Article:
• Object is the degree of information that a consumer have about a product, including how well they can distinguish its characteristics, and also can effect their experience, involvement, and satisfaction. Typically, the higher a consumer’s product knowledge, the more involved with it he or she will be. Deeper knowledge about a product also translates into higher involvement because the consumer perceives it as more important, especially if some of that knowledge pertains to characteristics that hold personal meaning.
  • Situational is when products that can easily conform to and enrich a consumer’s lifestyle tend to be consumed with more frequency and involvement. For example, a busy working mother might rely heavily on her smart phone to keep her organized and effective in an effortless manner.
  • Social: Social influence can deeply affect consumer behavior, especially as related to the products they consider and consume. A consumer’s social network has a strong influence on the products he or she uses, since individuals tend to rely on the opinions and advice of friends and family. Other social influences can include opinion leaders and reference groups.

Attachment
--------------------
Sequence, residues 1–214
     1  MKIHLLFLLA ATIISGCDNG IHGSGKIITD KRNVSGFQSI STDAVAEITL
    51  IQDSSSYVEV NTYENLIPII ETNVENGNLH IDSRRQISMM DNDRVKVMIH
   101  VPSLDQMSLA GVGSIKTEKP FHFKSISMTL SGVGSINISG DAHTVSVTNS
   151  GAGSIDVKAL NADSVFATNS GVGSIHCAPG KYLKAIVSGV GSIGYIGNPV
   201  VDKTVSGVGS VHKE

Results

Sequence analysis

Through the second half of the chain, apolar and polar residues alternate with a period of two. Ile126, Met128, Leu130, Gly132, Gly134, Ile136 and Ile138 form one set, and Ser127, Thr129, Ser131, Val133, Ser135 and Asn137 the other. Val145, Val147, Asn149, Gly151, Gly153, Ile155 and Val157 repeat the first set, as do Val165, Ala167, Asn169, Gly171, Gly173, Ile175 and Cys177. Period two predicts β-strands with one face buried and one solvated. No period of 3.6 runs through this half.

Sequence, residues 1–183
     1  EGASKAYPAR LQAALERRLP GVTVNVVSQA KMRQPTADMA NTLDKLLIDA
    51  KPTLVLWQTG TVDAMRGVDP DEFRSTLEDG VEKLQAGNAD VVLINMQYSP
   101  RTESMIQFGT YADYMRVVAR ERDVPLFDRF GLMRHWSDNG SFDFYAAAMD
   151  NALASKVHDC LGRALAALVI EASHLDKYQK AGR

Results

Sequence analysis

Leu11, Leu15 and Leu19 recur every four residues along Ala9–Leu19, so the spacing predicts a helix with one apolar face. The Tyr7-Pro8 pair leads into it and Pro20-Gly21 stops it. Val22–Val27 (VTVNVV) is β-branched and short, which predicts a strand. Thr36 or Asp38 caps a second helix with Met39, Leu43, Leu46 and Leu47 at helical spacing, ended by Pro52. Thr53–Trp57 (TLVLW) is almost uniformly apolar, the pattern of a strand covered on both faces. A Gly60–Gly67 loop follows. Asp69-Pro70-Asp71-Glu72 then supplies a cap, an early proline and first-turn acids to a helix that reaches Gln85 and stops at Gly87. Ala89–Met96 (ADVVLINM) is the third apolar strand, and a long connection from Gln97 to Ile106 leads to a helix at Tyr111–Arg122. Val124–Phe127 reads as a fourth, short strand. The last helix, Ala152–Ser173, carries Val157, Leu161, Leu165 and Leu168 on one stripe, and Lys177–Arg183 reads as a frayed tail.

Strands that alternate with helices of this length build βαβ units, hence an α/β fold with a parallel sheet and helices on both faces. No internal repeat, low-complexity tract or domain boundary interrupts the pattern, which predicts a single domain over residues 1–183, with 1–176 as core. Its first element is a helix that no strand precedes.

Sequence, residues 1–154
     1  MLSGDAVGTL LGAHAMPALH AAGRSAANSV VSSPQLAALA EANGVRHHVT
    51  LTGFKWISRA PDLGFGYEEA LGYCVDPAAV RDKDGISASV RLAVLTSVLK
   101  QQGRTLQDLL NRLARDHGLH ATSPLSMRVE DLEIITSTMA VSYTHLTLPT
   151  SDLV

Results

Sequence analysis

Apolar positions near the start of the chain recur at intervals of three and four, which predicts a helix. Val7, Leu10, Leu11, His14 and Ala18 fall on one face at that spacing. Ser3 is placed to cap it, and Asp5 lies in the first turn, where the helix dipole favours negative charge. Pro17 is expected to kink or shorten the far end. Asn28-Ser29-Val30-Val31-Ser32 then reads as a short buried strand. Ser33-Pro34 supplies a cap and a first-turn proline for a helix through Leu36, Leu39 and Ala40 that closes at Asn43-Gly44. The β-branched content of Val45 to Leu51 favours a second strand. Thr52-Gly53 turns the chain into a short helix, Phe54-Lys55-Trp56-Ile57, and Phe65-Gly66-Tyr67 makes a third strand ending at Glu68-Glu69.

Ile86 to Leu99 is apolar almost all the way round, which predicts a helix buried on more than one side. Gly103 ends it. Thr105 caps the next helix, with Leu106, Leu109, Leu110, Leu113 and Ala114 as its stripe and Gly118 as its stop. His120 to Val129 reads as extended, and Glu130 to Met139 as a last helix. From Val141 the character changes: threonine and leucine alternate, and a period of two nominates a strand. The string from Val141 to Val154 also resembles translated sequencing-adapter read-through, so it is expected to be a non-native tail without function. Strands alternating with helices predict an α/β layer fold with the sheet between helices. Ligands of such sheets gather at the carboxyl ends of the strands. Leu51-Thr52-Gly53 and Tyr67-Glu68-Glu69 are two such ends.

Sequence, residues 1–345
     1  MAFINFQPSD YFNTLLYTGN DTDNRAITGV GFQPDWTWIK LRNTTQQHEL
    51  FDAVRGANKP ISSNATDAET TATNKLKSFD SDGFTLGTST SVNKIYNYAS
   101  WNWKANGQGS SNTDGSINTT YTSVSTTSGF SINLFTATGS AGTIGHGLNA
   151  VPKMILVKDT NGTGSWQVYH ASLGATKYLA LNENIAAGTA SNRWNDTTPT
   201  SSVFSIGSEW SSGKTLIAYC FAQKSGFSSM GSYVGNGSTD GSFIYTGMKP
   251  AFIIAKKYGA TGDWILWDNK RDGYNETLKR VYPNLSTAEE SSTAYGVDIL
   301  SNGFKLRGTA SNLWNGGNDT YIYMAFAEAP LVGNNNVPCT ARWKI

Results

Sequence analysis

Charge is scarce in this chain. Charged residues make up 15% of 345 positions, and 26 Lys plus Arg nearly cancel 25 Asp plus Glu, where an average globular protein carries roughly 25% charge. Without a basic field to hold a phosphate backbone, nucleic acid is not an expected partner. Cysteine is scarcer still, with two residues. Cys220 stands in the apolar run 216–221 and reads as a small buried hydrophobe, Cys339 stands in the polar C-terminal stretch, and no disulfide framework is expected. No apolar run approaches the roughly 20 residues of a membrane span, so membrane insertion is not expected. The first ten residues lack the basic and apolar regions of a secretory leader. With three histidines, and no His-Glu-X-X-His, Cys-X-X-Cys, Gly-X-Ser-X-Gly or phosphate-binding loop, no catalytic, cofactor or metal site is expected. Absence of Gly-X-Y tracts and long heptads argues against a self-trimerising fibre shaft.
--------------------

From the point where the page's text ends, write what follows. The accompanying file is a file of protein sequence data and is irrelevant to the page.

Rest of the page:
Consumer involvement tends to vary dramatically depending on the type of product and its relationship to the consumer. In general, consumer involvement tends to be higher for products that are very expensive (e.g., a home, a car) or are considered highly significant in the consumer’s life (e.g., a newborn baby product). Marketing strategy should take into account the level of involvement that a consumer has with a specific product, as this also dictates the type of information that the consumer needs to process in order to make a purchase decision.

The following levels of information processing are required, which can help dictate the marketing approach that should be used:

  • Low-Involvement purchases tend to be made by habitual decisions (e.g., dish washing liquid, toothbrush). These require minimal information processing.
  • Moderate-Involvement purchases tend to be made by simple decisions (e.g., orange juice, snacks). These often may require some evaluation of alternatives.
  • High-Involvement purchases tend to be made by lengthy or more involved decisions (e.g., a car or a house). These are usually considered highly important to consumers and require extensive information processing.

Print advertising is considered high-involvement because newspapers and magazines provide information that can be processed clearly and can help shape attitudes and influence decisions. Television advertising is considered low-involvement because it presents information that is considered passive.